Performance has emerged as a major practice of the twentieth century. Expanding from theater and entertainment, performance was adopted (and adapted) to resolve impasses in sociology and anthropology, in music and visual art, in physics and philosophy, in politics and cultural criticism, and even in theater and entertainment.
Since a defining feature of performance is live-ness, documenting performance is a doomed endeavor. This has made it difficult for the emergent discipline of performance to look at itself, to take stock of its achievements and acknowledge its failures, quite simply, to assess the state of the field.
Though documentation of performance via static media (like language, photos, and videos) is acknowledged as problematic, nevertheless, performances are documented and these documents are, to some extent, distributed. The most widely distributed documents are often put forward not by the creators of the performances, but by institutions with various agendas: theater festivals who want to sell tickets; print and online magazines who need content to attract readers and advertising dollars; book authors and catalog editors who need evidence to advance a theory of performance; galleries who need to promote the artists; government institutions who need to export cultural products. When creators document their own works, it is usually for grant applications and promotional material.
In this situation, how are practicing artists and scholars to assess the state of the field? Can we document a performance in terms of its internal logic, not in terms of its consumer appeal?
Emergency INDEX is inspired by the early issues of the performance art magazine High Performance (1978-1997), in which artists were openly invited to send in reports of their performance artworks. Performance art, at that time a new form, had yet to define itself; therefore, the editors of High Performance deemed that any artist who called their work performance art was legitimately defining the field. Consequently, High Performance became an amazing survey of real practice, a definition of performance art created internally by its varied creators, not post-rationalized or interpreted by critics and institutions. Since then, performance art has become one of the best documented forms of performance practices, while undocumented acts of performance have proliferated in fields outside of visual art.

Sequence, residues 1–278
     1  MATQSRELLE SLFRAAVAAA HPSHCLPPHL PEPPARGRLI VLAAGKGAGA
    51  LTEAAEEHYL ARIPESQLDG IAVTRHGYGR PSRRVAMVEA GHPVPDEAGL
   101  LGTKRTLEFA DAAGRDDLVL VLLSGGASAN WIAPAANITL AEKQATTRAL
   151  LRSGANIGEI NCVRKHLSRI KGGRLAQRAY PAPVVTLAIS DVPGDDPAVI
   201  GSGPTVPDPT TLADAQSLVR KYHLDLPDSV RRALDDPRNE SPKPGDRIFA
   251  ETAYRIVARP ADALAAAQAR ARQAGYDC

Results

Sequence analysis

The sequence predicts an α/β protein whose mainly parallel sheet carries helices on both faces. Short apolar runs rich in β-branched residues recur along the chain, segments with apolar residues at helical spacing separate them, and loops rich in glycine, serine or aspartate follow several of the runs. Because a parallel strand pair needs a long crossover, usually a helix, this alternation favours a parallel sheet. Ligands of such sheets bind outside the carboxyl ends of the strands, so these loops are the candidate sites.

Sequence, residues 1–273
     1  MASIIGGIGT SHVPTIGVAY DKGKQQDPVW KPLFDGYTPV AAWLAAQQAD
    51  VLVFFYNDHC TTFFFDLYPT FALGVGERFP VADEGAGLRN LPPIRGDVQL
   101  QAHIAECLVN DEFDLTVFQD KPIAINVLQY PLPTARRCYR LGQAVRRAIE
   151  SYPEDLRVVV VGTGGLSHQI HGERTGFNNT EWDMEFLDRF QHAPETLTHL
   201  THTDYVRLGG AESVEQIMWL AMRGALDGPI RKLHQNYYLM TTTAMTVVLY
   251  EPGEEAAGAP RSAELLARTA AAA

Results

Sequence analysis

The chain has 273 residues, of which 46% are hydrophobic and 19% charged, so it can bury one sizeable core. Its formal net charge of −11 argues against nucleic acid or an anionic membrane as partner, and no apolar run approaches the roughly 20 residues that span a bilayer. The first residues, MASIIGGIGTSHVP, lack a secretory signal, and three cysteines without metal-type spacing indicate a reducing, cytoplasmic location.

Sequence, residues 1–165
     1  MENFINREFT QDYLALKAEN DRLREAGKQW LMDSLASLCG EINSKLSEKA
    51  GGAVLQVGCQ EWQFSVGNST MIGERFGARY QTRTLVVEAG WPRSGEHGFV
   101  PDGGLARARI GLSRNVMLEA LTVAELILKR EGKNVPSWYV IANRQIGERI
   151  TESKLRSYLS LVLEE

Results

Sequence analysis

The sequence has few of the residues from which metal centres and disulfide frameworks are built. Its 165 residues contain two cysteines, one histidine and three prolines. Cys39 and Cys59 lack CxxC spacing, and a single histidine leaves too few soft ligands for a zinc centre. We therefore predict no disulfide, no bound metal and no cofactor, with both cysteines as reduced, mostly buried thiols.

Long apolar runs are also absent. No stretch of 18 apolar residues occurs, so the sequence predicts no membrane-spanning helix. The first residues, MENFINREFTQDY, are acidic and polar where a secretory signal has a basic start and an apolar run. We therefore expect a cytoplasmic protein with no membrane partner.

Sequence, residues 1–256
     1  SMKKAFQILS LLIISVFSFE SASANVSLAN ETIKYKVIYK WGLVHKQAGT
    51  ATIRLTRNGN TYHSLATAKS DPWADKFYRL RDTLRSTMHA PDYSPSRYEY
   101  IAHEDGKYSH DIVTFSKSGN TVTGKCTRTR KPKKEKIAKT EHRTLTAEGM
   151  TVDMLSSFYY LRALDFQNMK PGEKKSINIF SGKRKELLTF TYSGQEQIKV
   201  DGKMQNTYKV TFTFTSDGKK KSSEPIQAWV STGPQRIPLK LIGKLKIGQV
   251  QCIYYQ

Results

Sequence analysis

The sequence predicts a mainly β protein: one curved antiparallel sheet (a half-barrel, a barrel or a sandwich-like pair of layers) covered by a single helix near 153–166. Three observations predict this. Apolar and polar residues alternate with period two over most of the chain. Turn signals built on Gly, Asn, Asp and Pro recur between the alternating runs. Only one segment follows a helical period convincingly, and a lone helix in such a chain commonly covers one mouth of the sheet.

INDEX, following the model of High Performance, will practice a policy of radical inclusion; therefore, included works will not be restricted by genre, quality, popularity, politics, or venue. However, creators of performance works will be asked to describe the primary problems driving the work, and the tactics developed in the performance to address them. The goal is to highlight not the experience of the performance, but to document achievements, innovations, and developments in the field. In this way, Emergency INDEX will allow performance makers a way to survey their field in a timely fashion; will give access to performance works which occurred only fleetingly or remotely; and can offer creators a way to share the advances made in their performance works.
The Language ConnectionOf course, describing a performance in language is problematic, even though the goal of the description is not to replicate the experience of the performance or to offer a consumer review, but rather to document its operational tactics. Language, constructed by and transmitting its own rules of materiality, grammar, histories, culture, and convention, has a complicated relationship to the performance it describes.
Emergency INDEX acknowledges the semi-autonomous materiality of language, and attempts to reap its benefits, by indexing the language used by creators of performance works. The back-of-the-book index will contain keywords from every performance description, and refer readers to the page numbers of the descriptions relevant to their search.
This indexing allows for creators to find like-minded practitioners; it creates connections between performance works that may not be obviously or typically related to one another; and it surveys a network of discourse that may change as years pass.